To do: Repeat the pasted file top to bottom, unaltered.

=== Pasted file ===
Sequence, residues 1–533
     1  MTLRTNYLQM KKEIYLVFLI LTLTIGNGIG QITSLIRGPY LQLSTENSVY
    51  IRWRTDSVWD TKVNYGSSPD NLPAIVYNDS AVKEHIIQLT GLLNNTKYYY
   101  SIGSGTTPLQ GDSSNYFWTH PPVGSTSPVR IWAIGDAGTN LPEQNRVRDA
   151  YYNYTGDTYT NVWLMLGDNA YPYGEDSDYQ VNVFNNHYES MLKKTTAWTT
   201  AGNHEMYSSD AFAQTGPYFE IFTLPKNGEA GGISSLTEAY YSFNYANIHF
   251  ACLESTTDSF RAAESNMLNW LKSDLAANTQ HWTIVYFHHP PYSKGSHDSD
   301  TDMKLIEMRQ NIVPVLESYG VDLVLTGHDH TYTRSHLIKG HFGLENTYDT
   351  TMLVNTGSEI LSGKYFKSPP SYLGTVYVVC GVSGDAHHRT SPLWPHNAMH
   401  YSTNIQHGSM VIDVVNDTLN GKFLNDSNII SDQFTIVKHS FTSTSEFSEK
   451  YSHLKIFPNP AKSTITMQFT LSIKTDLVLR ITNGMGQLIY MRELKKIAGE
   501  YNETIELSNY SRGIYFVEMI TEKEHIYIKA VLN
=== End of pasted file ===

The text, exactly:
Sequence, residues 1–533
     1  MTLRTNYLQM KKEIYLVFLI LTLTIGNGIG QITSLIRGPY LQLSTENSVY
    51  IRWRTDSVWD TKVNYGSSPD NLPAIVYNDS AVKEHIIQLT GLLNNTKYYY
   101  SIGSGTTPLQ GDSSNYFWTH PPVGSTSPVR IWAIGDAGTN LPEQNRVRDA
   151  YYNYTGDTYT NVWLMLGDNA YPYGEDSDYQ VNVFNNHYES MLKKTTAWTT
   201  AGNHEMYSSD AFAQTGPYFE IFTLPKNGEA GGISSLTEAY YSFNYANIHF
   251  ACLESTTDSF RAAESNMLNW LKSDLAANTQ HWTIVYFHHP PYSKGSHDSD
   301  TDMKLIEMRQ NIVPVLESYG VDLVLTGHDH TYTRSHLIKG HFGLENTYDT
   351  TMLVNTGSEI LSGKYFKSPP SYLGTVYVVC GVSGDAHHRT SPLWPHNAMH
   401  YSTNIQHGSM VIDVVNDTLN GKFLNDSNII SDQFTIVKHS FTSTSEFSEK
   451  YSHLKIFPNP AKSTITMQFT LSIKTDLVLR ITNGMGQLIY MRELKKIAGE
   501  YNETIELSNY SRGIYFVEMI TEKEHIYIKA VLN